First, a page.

Recommended methods for performing  basic  attribute  opera-
     tions:

     display

         runat file ls [options]



     read

         runat file cat attribute



     create/modify

         runat file cp absolute-file-path attribute


     delete

         runat file rm attribute



     permission changes


         runat file chmod mode attribute
         runat file chgrp group attribute
         runat file chown owner attribute



     interactive shell


         runat file /bin/sh
          or set your $SHELL to /bin/sh and
         runat file



     The above list includes commands that are known to work with
     runat.  While  many  other  commands  may  work, there is no
     guarantee that any beyond this list will work.  Any  command
     that  relies  on being able to determine its current working
     directory is likely to fail. Examples of such commands  fol-
     low:

     Example 5: Using man in an attribute directory

     example% runat file.1 man runat
     getcwd: Not a directory

     Example 6: Spawning a tcsh shell in an attribute directory

     example% runat file.3 /usr/bin/tcsh
     tcsh: Not a directory
     tcsh: Trying to start from "/home/user"

     A new tcsh shell has been spawned with the  current  working
     directory set to the user's home directory.

     Example 7: Spawning a zsh shell in an attribute directory

     example% runat file.3 /usr/bin/zsh
     example%

     While the command appears to have worked, zsh  has  actually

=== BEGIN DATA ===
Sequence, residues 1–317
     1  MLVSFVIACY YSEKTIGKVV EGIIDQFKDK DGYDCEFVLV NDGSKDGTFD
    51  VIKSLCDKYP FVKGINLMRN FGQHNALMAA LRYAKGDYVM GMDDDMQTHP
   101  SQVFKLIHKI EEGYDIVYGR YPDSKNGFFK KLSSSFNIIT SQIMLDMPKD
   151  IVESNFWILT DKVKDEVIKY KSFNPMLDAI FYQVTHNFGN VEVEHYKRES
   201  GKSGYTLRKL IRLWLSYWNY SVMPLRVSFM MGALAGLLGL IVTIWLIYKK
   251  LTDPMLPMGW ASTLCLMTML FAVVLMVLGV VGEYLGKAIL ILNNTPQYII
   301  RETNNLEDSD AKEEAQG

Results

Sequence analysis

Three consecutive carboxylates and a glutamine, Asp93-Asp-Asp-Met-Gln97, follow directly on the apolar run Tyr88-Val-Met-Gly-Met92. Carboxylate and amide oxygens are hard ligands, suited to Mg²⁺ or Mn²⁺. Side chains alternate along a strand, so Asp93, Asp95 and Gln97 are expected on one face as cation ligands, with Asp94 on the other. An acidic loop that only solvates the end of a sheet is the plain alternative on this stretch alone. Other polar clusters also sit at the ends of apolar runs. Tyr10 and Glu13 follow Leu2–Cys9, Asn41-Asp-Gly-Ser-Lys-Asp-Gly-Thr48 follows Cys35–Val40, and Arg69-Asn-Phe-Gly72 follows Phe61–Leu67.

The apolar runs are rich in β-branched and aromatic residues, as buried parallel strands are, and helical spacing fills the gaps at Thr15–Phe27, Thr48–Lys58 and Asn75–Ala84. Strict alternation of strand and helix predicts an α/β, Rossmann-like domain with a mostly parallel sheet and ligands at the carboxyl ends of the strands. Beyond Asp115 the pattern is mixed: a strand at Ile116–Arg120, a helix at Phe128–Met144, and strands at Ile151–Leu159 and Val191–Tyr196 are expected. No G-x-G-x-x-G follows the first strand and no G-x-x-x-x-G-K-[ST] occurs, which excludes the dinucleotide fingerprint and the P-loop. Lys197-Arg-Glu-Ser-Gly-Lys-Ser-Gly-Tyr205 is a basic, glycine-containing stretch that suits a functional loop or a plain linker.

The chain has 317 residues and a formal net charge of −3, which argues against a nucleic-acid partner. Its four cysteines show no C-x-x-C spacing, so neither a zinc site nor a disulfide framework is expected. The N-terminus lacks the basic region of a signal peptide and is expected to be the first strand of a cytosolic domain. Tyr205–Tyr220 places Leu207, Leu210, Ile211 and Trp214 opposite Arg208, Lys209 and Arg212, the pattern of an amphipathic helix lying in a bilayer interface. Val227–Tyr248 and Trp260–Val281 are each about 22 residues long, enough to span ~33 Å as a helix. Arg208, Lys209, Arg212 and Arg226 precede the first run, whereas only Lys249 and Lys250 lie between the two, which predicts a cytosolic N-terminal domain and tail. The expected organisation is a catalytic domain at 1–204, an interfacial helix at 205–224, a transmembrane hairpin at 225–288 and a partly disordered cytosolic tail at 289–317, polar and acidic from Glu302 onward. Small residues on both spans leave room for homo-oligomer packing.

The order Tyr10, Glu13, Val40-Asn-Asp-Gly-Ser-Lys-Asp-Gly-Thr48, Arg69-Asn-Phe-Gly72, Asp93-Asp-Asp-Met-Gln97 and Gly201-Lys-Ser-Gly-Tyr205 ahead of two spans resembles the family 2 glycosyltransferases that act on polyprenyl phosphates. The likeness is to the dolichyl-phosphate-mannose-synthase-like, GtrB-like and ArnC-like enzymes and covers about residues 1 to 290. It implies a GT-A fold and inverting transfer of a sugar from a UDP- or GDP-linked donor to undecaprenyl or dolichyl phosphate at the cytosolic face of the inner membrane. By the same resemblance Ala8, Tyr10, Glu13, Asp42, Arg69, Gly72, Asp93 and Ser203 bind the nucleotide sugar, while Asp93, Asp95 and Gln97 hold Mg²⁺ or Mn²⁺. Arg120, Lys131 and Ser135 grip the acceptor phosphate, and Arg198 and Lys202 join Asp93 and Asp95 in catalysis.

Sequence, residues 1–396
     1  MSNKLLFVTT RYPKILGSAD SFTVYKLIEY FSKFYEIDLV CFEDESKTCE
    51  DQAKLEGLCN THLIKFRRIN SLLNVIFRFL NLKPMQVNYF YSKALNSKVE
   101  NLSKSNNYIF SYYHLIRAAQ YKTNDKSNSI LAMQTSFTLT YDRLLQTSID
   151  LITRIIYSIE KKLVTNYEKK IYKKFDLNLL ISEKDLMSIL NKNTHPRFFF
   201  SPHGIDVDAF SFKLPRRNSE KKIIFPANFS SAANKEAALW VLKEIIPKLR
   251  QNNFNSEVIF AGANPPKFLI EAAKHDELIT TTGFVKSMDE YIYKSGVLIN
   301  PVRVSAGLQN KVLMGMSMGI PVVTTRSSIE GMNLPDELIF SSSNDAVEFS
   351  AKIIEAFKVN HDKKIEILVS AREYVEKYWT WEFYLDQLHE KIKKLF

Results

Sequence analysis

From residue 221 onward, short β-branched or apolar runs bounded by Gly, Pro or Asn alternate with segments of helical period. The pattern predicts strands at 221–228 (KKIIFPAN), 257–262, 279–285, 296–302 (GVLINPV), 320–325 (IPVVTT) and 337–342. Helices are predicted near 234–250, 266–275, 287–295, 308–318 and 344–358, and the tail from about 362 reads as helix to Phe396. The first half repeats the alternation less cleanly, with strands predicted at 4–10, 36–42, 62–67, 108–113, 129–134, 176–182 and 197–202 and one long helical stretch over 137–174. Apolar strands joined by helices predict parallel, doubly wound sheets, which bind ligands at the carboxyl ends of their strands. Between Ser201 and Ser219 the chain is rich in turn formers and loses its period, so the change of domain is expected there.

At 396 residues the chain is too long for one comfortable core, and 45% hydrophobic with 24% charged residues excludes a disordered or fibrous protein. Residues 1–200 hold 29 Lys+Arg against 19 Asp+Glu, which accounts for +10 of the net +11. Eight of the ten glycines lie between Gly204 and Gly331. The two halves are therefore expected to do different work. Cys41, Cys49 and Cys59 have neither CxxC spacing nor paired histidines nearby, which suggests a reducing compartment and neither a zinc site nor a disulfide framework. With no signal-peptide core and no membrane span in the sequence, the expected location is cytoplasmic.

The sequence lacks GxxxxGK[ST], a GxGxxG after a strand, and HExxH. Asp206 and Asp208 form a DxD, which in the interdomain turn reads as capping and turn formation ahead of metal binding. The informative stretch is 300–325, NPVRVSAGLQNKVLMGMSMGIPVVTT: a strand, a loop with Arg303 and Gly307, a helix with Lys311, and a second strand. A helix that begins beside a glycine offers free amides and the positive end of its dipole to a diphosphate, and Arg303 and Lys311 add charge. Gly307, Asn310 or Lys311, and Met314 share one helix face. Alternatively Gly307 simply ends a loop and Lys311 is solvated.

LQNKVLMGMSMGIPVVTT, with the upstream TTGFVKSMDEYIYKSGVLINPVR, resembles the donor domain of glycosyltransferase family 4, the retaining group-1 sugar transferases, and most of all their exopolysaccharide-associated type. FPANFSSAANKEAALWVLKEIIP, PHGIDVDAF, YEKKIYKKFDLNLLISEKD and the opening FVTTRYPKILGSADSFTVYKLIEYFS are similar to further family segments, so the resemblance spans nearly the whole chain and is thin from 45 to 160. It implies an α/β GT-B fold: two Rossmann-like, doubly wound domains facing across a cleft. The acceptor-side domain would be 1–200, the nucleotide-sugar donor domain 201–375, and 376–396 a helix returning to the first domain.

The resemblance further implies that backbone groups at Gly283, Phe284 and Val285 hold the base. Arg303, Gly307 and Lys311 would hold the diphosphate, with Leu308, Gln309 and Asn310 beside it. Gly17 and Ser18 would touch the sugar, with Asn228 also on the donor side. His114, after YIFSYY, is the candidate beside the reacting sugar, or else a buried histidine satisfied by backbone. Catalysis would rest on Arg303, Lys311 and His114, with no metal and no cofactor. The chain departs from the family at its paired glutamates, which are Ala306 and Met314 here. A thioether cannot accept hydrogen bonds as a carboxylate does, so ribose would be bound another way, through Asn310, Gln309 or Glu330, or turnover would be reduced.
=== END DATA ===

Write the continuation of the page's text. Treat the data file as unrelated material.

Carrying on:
just  changed the current working directory to '/'. This can
     be seen by using /bin/pwd:

     example% /bin/pwd
     /

ENVIRONMENT VARIABLES
     SHELL           Specifies the command shell to be invoked by
                     runat.



EXIT STATUS
     The following exit values are returned:

     125      The attribute directory of the file  referenced  by
              the file argument cannot be accessed.



     126      The exec of the provided command argument failed.



     Otherwise, the exit status returned is the  exit  status  of
     the shell invoked to execute the provided command.

ATTRIBUTES
     See attributes(5) for descriptions of the  following  attri-
     butes:

     ____________________________________________________________
    |       ATTRIBUTE TYPE        |       ATTRIBUTE VALUE       |
    |_____________________________|_____________________________|
    | Availability                | SUNWcsu                     |
    |_____________________________|_____________________________|
    | CSI                         | Enabled                     |
    |_____________________________|_____________________________|
    | Interface Stability         | Evolving                    |
    |_____________________________|_____________________________|


SEE ALSO
     open(2), attributes(5), fsattr(5)

NOTES
     It is not always obvious why a command fails in  runat  when
     it is unable to determine the current working directory. The
     errors resulting can be confusing  and  ambiguous  (see  the
     tcsh and zsh examples above).




Man pages from Solaris 10 Update 8. See docs.sun.com and www.oracle.com for further documentation and Solaris information.